We took a pause in the last post, as we climbed Maungawhau. It’s getting steep now, but the sun is reaching the high slopes
and illuminating the distant cone of Maungakiekie (One Tree Hill).
Here we are, just one more scramble up the sides and we will have reached the highest point on the Auckland isthmus (196 m, or 643 feet),
and from here, under the lowering clouds, we can see that this cone has not only height, but depth.
Here is the surprise: a perfectly shaped crater, 50 metres deep (160 feet). Two decades ago, drummers used to sit in the cold shadow at the bottom of the crater at winter solstice and drum up the sunrise. But now there is a sign asking visitors not to descend as the crater is a fragile and sacred archeological site.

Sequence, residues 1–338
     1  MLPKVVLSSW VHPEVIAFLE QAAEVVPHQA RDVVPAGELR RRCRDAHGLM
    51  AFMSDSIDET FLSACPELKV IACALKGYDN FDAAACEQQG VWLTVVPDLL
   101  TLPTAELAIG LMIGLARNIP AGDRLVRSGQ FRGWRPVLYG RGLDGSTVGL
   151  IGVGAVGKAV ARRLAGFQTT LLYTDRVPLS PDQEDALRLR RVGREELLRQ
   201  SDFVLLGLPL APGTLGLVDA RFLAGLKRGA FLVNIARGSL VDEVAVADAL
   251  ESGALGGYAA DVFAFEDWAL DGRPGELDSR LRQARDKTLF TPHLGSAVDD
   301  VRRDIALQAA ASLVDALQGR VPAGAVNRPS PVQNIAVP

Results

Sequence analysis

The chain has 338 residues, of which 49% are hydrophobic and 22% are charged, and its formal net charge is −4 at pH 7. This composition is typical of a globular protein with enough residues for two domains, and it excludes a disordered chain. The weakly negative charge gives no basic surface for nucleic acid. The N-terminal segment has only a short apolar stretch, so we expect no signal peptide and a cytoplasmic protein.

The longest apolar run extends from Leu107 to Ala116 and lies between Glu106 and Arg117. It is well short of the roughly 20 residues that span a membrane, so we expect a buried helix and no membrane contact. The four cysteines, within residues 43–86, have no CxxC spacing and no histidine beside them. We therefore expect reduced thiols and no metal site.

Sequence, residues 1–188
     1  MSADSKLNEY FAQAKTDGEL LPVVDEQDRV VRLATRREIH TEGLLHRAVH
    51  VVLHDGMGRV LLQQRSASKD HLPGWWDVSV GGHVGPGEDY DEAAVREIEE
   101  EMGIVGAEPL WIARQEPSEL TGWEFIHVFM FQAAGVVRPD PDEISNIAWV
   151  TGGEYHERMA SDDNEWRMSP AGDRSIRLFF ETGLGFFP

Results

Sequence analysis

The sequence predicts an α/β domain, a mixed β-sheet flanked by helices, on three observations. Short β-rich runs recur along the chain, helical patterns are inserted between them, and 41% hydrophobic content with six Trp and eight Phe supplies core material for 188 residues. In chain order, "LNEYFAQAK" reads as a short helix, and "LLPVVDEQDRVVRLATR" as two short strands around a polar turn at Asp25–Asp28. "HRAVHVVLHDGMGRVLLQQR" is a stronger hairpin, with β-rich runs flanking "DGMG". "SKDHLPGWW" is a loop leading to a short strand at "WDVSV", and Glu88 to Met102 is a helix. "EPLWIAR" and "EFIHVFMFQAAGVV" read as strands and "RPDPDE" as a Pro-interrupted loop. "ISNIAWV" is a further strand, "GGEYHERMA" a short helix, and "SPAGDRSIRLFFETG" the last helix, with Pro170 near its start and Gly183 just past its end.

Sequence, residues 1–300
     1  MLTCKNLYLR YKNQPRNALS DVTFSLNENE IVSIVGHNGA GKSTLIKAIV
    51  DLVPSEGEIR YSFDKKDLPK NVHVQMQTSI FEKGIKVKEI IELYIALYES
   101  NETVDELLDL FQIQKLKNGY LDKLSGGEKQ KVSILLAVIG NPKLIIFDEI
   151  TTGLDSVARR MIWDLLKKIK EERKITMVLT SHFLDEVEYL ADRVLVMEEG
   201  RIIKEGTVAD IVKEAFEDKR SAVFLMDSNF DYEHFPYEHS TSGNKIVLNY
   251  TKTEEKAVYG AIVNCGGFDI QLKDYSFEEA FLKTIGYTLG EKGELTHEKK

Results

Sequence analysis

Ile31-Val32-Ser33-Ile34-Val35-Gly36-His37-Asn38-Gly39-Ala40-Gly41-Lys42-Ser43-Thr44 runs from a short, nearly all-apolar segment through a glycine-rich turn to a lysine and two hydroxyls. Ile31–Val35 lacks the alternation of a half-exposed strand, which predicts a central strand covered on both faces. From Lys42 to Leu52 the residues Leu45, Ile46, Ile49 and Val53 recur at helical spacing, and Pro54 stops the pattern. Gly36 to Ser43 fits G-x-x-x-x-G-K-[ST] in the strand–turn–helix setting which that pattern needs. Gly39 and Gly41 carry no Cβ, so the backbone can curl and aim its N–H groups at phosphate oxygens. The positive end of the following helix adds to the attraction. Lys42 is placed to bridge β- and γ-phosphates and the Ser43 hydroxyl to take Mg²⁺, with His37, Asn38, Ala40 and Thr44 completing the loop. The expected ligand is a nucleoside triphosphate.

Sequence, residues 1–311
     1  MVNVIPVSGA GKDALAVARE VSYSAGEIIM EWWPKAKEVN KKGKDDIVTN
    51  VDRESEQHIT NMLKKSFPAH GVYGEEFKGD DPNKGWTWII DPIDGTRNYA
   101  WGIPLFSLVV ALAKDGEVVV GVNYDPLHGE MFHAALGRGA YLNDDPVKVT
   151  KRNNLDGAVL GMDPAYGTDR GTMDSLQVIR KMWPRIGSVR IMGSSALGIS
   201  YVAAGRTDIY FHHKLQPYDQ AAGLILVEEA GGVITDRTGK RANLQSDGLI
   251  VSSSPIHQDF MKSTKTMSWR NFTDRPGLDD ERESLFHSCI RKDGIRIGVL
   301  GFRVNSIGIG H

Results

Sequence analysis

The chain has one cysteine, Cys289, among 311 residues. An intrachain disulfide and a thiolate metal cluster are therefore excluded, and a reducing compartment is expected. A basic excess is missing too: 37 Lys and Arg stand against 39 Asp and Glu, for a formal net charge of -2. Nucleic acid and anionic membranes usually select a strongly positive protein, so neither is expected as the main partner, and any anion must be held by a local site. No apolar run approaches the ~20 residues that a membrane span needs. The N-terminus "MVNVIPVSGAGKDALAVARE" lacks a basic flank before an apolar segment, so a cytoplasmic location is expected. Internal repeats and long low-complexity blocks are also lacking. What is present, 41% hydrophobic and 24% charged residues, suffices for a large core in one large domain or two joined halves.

The crater was known at Te Kaupa kai a Mataaho: the food bowl of Mataaho, who was the god of volcanic eruptions. 28,000 years ago Mataaho had plenty of food, which he was flinging far and wide in spectacular displays, but now he is sleeping.
Maungawhau was once a pa site, a fortified village, and like the other cones, still has the remains of kumara pits dug into its sides. The light is fading fast now, and the bank of clouds is threatening rain, but in the golden glow of early evening we have a last view, out towards the gentle contours of Rangitoto island, which erupted only 600 years ago.
We are reminded of the fiery history of Auckland, and give thanks that we are living here when the volcano god has emptied his food bowl and is now deeply slumbering, or has slipped away to vent his energy in the central plateau of the north island, where no city has been built.